A tip of the kippa to Esther Kustanowitz for calling our attention to this story.

Thursday, February 11, 2010

Bono, Rock Star and Activist, Visits Park East Synagogue and Day School

Bono, the Irish rock star and activist, paid a visit to the Park East Synagogue and Day School in Manhattan on January 31.

He was invited by Rabbi Arthur Schneier, founder of the synagogue, who, like Bono, has been active in fighting for human rights around the world.

Writing in, a website for the global Irish community, Cahir O'Doherty reported:
The pair developed a friendship through the work of the Appeal of Conscience Foundation, which was originally founded by Schneier in 1965. The foundation is an interfaith partnership of leaders from various worlds that is broadly similar to Bono's ONE organization, which has a wide variety of mandates related to international development and relief issues, including slowing the spread of HIV/AIDS and malaria. Bono was last seen with Rabbi Schneier when he attended the Appeal of Conscience Foundation’s Annual Gala Dinner in New York City last September.
“You know Bono as a great rock star,” remarked Rabbi Schneier in his introduction, “but he has made it his mission to fight poverty, hunger, injustice... wherever there is a cause requiring a humanitarian response, Bono is there.”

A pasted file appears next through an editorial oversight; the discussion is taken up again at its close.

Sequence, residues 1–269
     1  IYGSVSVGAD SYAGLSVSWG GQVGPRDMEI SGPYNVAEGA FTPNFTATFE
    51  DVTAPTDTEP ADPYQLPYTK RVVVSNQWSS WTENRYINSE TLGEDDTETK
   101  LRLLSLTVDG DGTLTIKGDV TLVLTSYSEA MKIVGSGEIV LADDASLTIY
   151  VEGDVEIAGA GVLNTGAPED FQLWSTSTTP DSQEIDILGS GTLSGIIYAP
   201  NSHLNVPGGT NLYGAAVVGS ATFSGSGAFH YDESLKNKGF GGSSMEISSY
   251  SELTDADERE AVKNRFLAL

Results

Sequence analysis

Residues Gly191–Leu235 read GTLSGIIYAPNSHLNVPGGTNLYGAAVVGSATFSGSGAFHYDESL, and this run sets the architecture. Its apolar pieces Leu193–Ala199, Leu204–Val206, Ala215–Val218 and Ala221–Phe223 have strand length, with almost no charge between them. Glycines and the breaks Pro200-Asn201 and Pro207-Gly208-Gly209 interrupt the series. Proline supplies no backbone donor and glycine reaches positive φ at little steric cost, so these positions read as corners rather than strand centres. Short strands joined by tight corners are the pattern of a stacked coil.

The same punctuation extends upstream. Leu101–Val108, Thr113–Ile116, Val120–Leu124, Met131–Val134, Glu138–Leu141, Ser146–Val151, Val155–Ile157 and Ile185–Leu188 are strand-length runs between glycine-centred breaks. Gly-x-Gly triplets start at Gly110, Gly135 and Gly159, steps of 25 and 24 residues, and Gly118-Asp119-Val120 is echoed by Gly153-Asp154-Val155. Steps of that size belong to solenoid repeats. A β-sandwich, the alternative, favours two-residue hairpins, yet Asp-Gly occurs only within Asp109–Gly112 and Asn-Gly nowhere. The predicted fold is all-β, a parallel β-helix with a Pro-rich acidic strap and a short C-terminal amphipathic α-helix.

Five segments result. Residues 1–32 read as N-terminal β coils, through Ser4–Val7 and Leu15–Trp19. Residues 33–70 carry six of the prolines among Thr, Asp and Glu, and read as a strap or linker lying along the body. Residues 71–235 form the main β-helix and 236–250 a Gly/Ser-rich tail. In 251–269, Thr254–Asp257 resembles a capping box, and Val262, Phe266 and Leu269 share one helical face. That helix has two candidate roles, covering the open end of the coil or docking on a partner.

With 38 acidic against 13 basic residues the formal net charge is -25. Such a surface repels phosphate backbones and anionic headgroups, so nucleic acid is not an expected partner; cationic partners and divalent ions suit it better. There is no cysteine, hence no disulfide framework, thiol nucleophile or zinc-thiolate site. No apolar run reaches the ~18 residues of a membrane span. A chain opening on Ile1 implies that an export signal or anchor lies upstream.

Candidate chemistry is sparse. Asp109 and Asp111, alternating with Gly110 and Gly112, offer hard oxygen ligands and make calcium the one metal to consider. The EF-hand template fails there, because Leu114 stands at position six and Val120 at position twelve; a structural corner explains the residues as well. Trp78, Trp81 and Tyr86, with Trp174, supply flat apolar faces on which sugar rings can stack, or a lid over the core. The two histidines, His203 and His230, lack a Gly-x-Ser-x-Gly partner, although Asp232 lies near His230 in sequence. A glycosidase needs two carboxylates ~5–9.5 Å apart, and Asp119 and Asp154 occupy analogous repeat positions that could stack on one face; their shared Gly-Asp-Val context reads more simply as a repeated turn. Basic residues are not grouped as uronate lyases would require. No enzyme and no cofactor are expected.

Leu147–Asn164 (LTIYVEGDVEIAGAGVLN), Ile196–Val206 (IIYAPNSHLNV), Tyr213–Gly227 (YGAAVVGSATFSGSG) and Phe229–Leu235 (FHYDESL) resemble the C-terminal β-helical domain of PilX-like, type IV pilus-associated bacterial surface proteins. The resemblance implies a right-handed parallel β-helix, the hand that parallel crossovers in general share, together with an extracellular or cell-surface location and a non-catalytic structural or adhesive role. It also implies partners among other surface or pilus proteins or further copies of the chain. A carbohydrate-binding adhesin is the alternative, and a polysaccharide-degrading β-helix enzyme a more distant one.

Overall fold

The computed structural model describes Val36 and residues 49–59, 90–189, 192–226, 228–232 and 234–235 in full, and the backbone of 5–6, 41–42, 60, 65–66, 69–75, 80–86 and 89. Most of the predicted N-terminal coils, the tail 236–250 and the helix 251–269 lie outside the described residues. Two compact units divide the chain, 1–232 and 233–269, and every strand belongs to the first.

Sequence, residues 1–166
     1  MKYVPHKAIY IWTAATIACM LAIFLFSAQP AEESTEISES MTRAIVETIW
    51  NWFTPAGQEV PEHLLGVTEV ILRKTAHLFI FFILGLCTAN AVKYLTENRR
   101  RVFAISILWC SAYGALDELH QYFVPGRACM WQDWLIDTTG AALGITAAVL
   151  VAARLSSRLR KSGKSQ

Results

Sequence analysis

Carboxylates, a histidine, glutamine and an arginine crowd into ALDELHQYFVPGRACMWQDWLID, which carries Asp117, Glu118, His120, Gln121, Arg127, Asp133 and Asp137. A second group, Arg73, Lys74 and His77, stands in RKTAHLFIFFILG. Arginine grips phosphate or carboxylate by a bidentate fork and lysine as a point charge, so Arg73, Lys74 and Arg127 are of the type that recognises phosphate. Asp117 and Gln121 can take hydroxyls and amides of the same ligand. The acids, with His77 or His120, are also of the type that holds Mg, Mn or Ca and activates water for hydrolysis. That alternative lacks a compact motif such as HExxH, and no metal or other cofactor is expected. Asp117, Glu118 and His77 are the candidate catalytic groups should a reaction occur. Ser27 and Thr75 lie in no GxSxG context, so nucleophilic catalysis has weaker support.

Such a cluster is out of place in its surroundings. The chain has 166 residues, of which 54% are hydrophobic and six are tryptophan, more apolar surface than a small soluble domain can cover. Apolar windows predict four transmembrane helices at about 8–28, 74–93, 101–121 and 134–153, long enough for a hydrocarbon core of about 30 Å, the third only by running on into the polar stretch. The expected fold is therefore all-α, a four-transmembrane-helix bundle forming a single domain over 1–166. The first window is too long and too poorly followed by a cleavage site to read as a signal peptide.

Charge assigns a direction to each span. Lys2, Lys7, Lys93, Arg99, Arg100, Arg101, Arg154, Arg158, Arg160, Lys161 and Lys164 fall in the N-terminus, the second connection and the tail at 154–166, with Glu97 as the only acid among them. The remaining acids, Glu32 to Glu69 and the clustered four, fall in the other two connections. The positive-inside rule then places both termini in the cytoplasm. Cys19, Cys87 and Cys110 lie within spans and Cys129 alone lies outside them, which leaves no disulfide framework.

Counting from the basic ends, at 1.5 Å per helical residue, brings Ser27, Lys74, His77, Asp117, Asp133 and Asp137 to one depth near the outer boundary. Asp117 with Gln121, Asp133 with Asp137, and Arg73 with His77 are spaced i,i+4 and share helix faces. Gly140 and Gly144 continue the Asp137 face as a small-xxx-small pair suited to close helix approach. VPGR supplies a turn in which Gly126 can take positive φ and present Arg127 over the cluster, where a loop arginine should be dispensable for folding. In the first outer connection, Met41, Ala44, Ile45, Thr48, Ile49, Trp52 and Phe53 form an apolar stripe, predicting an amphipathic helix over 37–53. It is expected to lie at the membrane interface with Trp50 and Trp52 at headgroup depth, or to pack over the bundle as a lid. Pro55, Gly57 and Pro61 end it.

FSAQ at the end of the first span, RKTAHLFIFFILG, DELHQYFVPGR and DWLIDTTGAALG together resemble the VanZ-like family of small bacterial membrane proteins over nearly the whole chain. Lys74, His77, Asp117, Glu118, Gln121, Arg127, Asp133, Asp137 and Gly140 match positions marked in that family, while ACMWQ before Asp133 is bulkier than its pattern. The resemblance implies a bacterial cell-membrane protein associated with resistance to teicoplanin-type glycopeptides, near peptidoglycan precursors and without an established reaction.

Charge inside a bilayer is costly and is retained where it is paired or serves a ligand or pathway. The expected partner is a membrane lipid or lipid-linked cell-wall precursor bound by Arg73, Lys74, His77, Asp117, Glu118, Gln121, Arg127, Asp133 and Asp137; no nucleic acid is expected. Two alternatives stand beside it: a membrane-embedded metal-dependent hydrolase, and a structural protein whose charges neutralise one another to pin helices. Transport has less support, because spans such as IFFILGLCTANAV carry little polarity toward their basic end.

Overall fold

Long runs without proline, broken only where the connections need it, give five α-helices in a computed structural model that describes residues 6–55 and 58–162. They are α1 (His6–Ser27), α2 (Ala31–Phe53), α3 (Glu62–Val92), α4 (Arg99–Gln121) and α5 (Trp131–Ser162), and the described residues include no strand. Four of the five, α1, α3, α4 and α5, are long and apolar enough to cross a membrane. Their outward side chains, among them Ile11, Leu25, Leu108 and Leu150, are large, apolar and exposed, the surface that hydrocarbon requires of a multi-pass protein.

With a white kippa perched atop his head, Bono seemed overwhelmed by the jubilant welcome and said, looking at Schneier, "you've probably figured out who the real rock star is in this room."  He continued, "I'm so honored to be here.  My work as an activist is based on the idea that everybody is equal.  And this idea of equality -- you guys kind of invented it."

Bono is not the first non-Jewish celebrity to wear a white kippa at the Park East Synagogue.  In April 2008, Pope Benedict XVI made an appearance, also at the invitation of Rabbi Schneier.

After brief remarks reflecting on the Jewish people's flight from Pharaoh in Egypt, he sang a short a cappella version of I Still Haven't Found What I'm Looking For, the U2 hit from the 1987 album, The Joshua Tree.  The audience enthusiastically joined in the chorus.

Here is a video showing Bono's welcome to the shul, remarks by the singer after being introduced by Rabbi Schneier, and the musical ending to the visit.
If the a cappella wasn't enough for you, here's a video of Bono and U2 singing the whole song at a concert in Milan in 2007.

Wednesday, February 10, 2010

Comedy Showcase: Meet Ari Teman, Stand-Up Comic, JCorps Founder, and "Hero of the Year"

Ari Teman has been doing stand-up comedy at clubs around the country and on TV. He is a frequent headliner and host at private benefits.